Monday, December 30, 2013

Patti Smith & Robert Mapplethorpe, just '60s kids in the Village

"I was a dreamy somnambulent child. I vexed my teachers with my precocious reading ability paired with my inability to apply it to anything they deemed practical. One by one they noted in my reports that I daydreamed far too much, was always somewhere else. Where that somewhere was I cannot say, but it often landed me in the corner sitting on a high stool in full view of all in a conical paper hat." (Patti Smith)

The young, daydreaming wizard of southern New Jersey soon intuits that New York City is a more appropriate stage for her talents, and by the summer of 1967 Patti Smith is sleeping in Village doorways and living for art. Her bohemian dreams coincide with those already there and just as hungry. Robert Mapplethorpe is dropping LSD and already drawing his visions of the universe when they become friends, Dante and Beatrice on the Lower East Side.

Just Kids (Ecco/Harper) is a valentine to the blossoming relationship they shared and which deepened until Mapplethorpe's death in 1989. The memoir is Patti being tough and tender, romantic in the way artists often remember their own struggle, and filled with the people who made music and art their passion in New York of the 1970s. Robert's drawing and photography develops its challenging reputation as Patti begins to sing her own music, and this became a common creative bond that propels them in their personal life as much as their careers. For Patti the book allows her to wrap her troubles in dreams, even as the threadbare bohemian life becomes a distant memory through rock and roll.

As she re-traces the past, the book's real charm comes in the personal glances at Robert's life and career. His death in 1989 from AIDS and a portfolio of controversial images has made him, still, a confounding figure to many art historians. 
Just Kids allows a look at the artist as a friend and a companion, with his own troubles and dreams: he meets John McKendry, married and the curator of photography at the Metropolitan Museum of Art:"John's devotion to Robert's work spilled over to Robert himself. Robert accepted John's gifts and took advantage of opportunities that John opened up for him, but he was never interested in Robert as a romantic partner. John was sensitive, volatile, and physically fragile, qualities that would not attract Robert. He admired (John's wife) Maxime, who was strong and ambitious with an impeccable pedigree. Perhaps he may have been cavalier with John's feelings, for as time went on, he found himself entangled within a destructive romantic obsession."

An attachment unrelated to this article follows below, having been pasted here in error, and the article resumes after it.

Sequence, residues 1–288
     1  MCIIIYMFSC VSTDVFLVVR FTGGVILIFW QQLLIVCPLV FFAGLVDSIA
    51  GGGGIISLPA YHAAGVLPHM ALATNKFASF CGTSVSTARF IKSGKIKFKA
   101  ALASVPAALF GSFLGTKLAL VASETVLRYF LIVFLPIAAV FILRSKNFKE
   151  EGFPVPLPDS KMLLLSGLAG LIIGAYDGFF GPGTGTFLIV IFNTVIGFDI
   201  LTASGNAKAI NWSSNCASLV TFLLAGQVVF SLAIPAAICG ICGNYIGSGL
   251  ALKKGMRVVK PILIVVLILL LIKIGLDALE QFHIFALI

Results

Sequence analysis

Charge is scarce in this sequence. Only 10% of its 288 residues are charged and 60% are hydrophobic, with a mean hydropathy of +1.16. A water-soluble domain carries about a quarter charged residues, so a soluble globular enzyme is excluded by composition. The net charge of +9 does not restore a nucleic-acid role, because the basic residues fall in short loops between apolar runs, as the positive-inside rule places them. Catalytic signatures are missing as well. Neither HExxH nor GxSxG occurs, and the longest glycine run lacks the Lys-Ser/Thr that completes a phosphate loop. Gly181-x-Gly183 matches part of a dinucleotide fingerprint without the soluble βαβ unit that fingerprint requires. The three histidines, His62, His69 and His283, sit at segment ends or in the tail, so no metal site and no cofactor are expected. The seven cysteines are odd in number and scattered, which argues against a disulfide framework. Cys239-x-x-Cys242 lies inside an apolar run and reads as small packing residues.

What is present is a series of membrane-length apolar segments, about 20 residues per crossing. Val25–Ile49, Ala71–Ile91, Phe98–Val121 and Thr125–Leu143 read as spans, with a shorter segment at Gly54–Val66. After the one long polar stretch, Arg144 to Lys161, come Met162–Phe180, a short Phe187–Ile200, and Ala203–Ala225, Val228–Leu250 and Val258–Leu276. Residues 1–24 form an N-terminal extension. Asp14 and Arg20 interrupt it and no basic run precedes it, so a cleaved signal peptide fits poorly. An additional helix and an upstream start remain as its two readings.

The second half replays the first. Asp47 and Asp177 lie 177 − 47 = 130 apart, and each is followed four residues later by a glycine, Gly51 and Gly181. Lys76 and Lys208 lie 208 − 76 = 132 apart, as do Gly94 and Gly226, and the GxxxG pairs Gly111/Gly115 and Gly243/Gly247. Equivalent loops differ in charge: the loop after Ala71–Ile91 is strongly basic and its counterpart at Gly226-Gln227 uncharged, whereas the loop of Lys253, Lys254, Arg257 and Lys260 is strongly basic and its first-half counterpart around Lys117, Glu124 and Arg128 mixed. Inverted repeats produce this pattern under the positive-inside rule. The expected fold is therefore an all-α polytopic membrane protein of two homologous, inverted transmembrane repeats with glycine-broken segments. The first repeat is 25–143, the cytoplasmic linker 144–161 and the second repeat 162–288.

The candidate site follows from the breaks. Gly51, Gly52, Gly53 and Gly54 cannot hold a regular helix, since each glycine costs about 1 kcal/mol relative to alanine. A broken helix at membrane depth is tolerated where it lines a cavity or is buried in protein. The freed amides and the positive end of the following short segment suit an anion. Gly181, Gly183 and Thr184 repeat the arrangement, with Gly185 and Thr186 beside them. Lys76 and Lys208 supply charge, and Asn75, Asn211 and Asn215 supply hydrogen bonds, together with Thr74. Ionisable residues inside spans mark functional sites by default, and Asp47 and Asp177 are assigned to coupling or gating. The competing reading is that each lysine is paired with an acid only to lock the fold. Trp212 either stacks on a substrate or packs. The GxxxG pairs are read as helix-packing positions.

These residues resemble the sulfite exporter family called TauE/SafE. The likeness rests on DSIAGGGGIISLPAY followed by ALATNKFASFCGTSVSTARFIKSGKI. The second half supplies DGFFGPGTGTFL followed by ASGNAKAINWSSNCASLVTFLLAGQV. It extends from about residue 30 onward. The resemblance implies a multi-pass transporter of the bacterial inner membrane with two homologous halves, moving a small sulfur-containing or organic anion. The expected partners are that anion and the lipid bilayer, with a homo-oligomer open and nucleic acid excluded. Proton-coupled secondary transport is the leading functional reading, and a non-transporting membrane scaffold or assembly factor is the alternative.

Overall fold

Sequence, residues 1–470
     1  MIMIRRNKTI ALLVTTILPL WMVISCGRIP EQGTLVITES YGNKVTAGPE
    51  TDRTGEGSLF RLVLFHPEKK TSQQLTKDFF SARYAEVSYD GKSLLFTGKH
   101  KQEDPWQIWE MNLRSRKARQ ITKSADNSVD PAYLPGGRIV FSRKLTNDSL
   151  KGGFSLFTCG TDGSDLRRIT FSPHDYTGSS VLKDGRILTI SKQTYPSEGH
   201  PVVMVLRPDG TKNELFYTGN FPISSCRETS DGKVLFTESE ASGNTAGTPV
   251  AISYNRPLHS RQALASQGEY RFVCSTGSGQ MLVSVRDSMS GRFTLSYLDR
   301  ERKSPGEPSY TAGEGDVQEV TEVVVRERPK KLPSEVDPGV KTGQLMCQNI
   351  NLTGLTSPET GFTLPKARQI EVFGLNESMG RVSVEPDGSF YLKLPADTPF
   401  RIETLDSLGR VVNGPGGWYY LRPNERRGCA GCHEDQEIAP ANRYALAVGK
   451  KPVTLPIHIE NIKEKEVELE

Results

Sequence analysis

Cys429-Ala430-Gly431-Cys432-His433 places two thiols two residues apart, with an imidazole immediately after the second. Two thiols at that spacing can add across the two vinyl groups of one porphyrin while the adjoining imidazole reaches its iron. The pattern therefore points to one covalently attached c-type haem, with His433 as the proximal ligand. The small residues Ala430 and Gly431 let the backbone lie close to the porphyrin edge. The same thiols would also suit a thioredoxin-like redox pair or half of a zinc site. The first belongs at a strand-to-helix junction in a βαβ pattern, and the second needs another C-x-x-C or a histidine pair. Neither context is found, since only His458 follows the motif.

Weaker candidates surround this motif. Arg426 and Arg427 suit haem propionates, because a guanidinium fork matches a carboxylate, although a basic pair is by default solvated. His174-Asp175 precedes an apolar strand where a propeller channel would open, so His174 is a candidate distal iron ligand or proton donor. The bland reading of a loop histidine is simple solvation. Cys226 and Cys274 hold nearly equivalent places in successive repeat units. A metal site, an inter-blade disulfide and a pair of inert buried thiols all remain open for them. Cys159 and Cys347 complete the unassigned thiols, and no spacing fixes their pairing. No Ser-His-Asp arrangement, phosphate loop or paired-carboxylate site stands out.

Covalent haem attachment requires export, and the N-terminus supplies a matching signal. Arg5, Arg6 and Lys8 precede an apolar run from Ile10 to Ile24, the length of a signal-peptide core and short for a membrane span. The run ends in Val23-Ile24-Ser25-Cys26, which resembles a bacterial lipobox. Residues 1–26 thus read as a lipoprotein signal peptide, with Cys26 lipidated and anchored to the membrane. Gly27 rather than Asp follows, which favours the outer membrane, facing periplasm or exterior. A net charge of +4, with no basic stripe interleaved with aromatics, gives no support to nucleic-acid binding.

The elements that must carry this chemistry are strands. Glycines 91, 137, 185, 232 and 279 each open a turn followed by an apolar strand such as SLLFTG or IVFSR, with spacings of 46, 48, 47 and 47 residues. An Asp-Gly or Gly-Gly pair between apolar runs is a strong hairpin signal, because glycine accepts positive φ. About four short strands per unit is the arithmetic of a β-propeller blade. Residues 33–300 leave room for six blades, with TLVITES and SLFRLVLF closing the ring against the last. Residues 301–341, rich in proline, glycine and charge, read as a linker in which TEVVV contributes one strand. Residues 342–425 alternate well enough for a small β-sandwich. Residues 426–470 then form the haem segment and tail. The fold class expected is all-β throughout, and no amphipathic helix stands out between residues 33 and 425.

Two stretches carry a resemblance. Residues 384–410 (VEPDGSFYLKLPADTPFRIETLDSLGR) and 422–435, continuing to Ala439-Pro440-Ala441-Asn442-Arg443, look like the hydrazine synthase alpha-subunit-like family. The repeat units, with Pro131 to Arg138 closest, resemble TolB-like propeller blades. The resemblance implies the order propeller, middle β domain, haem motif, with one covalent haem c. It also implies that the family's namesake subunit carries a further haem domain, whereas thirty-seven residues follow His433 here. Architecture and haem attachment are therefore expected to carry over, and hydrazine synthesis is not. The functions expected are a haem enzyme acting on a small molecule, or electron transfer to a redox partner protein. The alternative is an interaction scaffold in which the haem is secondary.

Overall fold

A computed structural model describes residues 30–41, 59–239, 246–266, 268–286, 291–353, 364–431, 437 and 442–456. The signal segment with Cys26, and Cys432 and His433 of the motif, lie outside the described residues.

The savvy curator and the romantic bohemian are a good match: "John McKendry could not have given Robert a better gift than the tools he needed to devote himself to photography," Smith goes on. "Robert was thoroughly smitten, obsessed not only with the process, but also its place in the arts."

This is a carefully-written and nicely detailed memoir, more gracefully artful than gratuitously salacious, although there is ample opportunity to read between the well-phrased line. Patti writes of the first musician she knew: "I never knew if his speedy speech patterns reflected amphetamine use or an amphetamine mind. He would often lead me up blind alleys or through an endless labyrinth of incomprehensible logic. I felt like Alice with the Mad Hatter, negotiating jokes without punch lines, and having to retrace my steps on the chessboard floor back to the logic of my own peculiar universe."

For the girl who loved Motown and r & b, New York in the 1970s became the land of a thousand dances as she wanders in and out of the music and poetry scenes that are quickly developing. The names and locations are already familiar, from nights at the Chelsea Hotel to CBGBs. Robert is on his own trajectory, but together Patti and Robert became so entwined that Patti's marriage to Fred Smith, in 1979, sent an unexpected tremor of apprehension between the two of them. "What about us?" Robert asks. "My mother still thinks we're married." Patti hasn't considered that. "I guess you'll have to tell her we got a divorce." "I can't say that," Robert shoots back. "Catholics don't divorce."

And like the good Catholic boy who's being bad, Robert understood his work wasn't meant for everyone, and he went out of his way to show it. His first hard-core photos were in a portfolio, marked with an X, and placed in a glass case for viewing only to those over eighteen years of age. Once these images became public, he didn't hide from the eventual storm of protest and notoriety, although they formed a fraction of his work. 

Soon enough there were more important personal issues -- he was diagnosed with AIDS in 1986. The story is an old and eternal one: in Just Kids, passion, art, and love are redeemed by youth. If the outlines are familiar, the book is told with enough toughness to avoid being overly sentimental.

As Robert wanes, the operatic overtones of their artful romance are often leavened by Patti and Robert with wit and humor, even to the end. After his death, as his belongings are sold at auction, Patti can't make herself attend the sale, afraid she couldn't bear to watch. She recalls a phrase Robert used if he obsessed about something he couldn't have: "I'm a selfish bastard. If I can't have it I don't want anyone else to." Patti has given readers no small gift by sharing her continuing love and affection for Robert with the rest of us.

December 30 is Patti's birthday; in William Burroughs' rare admiring phrase, the poet/performer is still a "rock'n'roll shaman" at 67.

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